When it comes to the world of black melodrama, multi-hyphenate Tyler Perry knows his stuff. With box office successes such as former hits “Madea’s Family Reunion” and “Why Did I Get Married?” Perry has undoubtedly proven himself to be a bankable Hollywood screenwriter.
However, that does not mean all of his works are faultless.
“Meet the Browns,” the latest movie from the writer/actor/director/producer, may just prove to be the weakest link of the five films Perry has crafted so far. That isn’t exactly a bad thing given Perry’s rather impressive history; however, it is not exactly a good thing either.
“Meet the Browns” revolves around the character of Brenda, played beautifully by powerhouse actress Angela Bassett. Brenda is a determined, hardworking woman who is desperately trying to make ends meet. The bills keep coming and the groceries are always scarce. It’s just the right combination to form a typical Perry drama.
However, instead of taking place essentially in Atlanta, Perry switches to the urban streets of Chicago to showcase Brenda raising her three children. Her eldest child, Michael, portrayed by Lance Gross of TBS’s “House of Payne,” another Perry-written comedy, has dreams of becoming a star basketball player, as does every other black male teenager in films today.
Brenda does everything in her power to keep her son out of trouble, but of course temptation is always lurking around the corner.
A wooden Rick Fox shows up as a coach who wants to recruit Michael for the NBA and soon after Brenda receives a letter informing her that her father has died. She finds herself trucking down to Georgia. It is then that the audience is introduced to a cast of colorful, flamboyant characters including Brown, played by a hilarious David Mann, a fan-favorite among Madea fans.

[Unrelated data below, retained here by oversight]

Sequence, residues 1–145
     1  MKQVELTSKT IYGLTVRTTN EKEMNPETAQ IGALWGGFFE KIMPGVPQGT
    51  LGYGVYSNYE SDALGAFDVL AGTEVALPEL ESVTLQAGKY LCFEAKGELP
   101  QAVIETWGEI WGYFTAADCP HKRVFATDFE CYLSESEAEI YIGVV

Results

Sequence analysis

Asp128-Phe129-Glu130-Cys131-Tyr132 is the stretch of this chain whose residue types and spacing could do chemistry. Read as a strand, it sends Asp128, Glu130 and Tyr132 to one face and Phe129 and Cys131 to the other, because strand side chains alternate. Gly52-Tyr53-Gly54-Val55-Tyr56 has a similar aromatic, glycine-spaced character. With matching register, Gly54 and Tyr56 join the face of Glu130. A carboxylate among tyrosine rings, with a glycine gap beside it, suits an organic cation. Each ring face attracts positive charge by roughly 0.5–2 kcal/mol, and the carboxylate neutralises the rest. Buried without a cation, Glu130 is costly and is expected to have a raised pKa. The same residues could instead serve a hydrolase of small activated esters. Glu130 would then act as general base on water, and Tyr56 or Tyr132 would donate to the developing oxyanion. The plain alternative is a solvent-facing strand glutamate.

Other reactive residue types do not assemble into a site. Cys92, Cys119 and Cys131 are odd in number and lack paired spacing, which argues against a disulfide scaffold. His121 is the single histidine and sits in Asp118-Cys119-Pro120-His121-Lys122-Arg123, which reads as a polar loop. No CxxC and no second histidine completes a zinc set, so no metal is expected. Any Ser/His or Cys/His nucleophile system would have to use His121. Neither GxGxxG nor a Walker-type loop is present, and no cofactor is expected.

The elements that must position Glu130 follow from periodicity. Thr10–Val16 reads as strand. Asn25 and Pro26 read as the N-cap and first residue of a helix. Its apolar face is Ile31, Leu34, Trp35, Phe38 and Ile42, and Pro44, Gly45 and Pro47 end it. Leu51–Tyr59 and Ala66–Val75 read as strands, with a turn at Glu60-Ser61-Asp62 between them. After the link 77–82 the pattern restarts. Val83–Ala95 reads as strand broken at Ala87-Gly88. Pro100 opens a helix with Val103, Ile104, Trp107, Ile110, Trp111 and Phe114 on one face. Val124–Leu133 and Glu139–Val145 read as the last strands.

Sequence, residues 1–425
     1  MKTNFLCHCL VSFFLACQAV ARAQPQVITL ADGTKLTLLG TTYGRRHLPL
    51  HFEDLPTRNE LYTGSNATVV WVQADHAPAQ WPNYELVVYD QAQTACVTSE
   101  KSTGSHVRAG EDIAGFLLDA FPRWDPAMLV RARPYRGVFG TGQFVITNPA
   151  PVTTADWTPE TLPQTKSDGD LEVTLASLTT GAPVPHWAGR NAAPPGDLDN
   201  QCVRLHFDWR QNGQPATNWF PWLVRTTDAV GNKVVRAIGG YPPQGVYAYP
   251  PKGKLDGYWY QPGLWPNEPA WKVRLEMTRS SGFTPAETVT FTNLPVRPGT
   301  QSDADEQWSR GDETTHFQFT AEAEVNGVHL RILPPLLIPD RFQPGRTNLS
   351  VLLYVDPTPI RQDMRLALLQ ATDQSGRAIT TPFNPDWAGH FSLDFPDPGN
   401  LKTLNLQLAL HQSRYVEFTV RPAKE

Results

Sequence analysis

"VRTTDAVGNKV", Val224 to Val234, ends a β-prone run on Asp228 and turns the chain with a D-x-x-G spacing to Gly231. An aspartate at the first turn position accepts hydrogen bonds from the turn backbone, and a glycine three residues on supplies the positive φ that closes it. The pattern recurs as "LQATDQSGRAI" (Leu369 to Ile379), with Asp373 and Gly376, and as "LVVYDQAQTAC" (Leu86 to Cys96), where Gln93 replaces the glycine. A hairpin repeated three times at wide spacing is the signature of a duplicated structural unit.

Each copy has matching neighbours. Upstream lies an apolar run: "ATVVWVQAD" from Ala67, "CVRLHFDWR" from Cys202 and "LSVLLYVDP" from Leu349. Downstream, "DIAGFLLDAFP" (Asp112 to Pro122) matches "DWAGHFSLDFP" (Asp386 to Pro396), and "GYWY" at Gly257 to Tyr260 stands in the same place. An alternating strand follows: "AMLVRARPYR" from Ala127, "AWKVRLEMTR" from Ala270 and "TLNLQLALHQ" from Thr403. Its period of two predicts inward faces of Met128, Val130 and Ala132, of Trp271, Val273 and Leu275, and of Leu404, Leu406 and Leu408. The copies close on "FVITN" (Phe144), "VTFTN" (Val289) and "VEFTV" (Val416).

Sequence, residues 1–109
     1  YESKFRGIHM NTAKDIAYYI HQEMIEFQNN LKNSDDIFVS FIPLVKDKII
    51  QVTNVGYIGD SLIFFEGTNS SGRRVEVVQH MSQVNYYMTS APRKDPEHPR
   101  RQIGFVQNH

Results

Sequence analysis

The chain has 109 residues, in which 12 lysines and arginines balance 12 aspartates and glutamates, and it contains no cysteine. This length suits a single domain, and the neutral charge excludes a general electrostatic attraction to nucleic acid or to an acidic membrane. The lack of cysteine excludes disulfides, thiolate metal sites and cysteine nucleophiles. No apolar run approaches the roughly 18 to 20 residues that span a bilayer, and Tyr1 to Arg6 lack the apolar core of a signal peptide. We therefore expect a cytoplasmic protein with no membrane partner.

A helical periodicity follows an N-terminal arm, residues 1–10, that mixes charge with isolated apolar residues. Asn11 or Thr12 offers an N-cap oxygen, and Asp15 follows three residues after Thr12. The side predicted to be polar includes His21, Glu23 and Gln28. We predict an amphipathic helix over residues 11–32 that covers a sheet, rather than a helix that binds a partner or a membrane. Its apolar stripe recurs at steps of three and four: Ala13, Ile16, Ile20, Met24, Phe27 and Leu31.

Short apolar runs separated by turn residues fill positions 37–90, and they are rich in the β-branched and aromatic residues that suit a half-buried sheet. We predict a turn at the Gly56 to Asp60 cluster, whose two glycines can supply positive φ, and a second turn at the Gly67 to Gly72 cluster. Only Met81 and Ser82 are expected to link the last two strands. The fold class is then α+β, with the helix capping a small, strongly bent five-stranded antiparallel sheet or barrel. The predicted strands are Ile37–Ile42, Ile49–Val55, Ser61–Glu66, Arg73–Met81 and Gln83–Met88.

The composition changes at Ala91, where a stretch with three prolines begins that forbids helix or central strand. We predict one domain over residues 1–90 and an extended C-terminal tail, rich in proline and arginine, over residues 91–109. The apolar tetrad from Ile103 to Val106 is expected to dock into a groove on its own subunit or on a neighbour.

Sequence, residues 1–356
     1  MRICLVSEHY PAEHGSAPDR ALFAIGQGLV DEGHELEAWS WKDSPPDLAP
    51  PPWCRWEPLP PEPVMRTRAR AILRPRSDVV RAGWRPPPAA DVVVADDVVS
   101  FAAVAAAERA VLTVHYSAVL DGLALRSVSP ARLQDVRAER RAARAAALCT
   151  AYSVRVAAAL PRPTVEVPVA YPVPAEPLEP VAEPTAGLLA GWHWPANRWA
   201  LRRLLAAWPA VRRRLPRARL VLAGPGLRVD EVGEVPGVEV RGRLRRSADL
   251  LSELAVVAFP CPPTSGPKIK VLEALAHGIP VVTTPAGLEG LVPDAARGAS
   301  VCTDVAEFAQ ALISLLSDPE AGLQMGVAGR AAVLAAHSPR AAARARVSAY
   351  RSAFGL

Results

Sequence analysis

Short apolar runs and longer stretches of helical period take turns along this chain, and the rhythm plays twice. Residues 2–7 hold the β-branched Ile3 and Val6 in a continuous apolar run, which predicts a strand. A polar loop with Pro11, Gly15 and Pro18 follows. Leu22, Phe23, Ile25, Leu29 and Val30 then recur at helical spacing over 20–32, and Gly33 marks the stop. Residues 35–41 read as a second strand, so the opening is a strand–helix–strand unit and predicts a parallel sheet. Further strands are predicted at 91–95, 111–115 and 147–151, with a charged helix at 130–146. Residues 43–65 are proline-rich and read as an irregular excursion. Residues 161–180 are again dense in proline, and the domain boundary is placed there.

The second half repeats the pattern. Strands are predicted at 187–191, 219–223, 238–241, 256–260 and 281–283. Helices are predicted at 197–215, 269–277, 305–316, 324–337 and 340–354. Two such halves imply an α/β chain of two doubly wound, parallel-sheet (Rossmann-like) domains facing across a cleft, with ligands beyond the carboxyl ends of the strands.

Both Brown and his thigh-slapping sister Vera, portrayed by the sassy and very confident Jenifer Lewis, prove to be quite funny. However, the laughs they provide, combined with the clever casting of Bassett, are not nearly enough to save this movie from being predictable, unrealistic and ultimately very uninspiring.
A romance between Fox and Bassett seems fake and rather forced. Perry just didn’t have the time to develop their love story and as a result it seemed incongruous. The same can be said about a scene featuring the trash-talking Madea. While the brief cameo is funny, it seems out of place and only serves as a way to promote the upcoming “Madea Goes to Jail” movie.
After coming off of the successful and absolutely dynamic “Why Did I Get Married?” audiences may feel that after meeting the Browns, their welcome was hardly worth the wait.